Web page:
Damascus is the Syrian regime’s center of gravity -- the struggle for Damascus is existential for the regime as well as the opposition.
Damascus has always been heavily militarized and has hosted a high proportion of the Syrian armed forces throughout the war.
In response to rebel incursions to the capital, the regime escalated operations in late 2012 and consolidated forces from other parts of the country.
Rebels in Damascus worked to improve their organizational structure, and implemented a shift towards targeted attacks on infrastructure and strategic assets.
The regime has augmented its fighting forces with foreign fighters, namely Hezbollah and Iraqi Shi‘a militias, and with pro-regime militias.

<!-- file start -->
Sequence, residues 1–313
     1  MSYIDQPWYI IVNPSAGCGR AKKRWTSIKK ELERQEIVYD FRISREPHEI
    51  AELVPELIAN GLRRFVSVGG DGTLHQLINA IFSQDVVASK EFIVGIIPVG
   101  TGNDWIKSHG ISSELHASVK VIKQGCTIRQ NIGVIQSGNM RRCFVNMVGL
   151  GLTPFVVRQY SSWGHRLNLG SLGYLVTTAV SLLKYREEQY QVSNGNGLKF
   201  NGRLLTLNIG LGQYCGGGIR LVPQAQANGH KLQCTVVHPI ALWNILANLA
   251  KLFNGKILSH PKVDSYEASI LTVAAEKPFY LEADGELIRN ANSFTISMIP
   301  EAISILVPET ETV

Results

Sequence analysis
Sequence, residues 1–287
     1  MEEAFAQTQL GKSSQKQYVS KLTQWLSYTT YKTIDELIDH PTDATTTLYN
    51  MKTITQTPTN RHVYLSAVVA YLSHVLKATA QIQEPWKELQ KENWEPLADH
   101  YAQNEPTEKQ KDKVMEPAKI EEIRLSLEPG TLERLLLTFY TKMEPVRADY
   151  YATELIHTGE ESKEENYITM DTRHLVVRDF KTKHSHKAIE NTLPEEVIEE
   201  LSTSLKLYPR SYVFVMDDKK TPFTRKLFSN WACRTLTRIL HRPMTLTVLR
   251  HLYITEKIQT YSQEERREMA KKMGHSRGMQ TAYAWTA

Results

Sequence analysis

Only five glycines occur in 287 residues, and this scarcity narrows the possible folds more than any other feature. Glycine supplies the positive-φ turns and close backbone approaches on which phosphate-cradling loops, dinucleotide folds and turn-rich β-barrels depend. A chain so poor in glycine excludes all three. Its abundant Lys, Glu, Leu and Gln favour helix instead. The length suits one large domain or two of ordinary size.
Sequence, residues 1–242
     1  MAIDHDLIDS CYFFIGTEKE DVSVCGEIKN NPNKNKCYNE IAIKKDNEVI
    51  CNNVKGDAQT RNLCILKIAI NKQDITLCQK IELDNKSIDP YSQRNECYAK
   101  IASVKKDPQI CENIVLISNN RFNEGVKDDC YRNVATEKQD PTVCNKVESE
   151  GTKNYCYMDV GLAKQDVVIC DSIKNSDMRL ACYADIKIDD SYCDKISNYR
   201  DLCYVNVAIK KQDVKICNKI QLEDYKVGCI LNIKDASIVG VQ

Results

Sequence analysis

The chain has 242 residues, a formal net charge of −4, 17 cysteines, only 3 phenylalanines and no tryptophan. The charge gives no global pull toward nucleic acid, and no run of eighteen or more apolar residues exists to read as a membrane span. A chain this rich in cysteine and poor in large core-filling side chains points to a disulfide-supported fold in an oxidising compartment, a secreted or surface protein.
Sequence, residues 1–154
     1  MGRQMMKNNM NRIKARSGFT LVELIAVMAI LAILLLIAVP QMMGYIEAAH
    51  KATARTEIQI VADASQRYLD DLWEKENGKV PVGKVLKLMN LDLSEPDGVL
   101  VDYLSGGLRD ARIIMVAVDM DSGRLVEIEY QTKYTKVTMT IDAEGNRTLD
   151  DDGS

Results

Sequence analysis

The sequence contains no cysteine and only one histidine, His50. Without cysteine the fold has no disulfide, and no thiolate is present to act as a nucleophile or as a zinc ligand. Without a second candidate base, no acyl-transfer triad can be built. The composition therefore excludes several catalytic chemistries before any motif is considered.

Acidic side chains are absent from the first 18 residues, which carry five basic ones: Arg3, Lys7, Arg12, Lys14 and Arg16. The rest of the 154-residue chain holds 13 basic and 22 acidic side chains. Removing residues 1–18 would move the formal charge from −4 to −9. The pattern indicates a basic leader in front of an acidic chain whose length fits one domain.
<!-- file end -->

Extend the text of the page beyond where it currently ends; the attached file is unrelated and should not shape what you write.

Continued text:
This reliance on foreign and irregular forces leaves its military capacity vulnerable to events beyond its control.
The regime has used indiscriminate targeting of civilian areas, including “barrel bombs,” to mimic the effects of chemical weapons.
Renewed rebel campaigns in Damascus suggest that they will survive the winter months, and continue to challenge Assad’s grip on the fortress of Damascus.
The regime is running out of options for a decisive victory, but does not seem at risk of losing their capital seat at the present.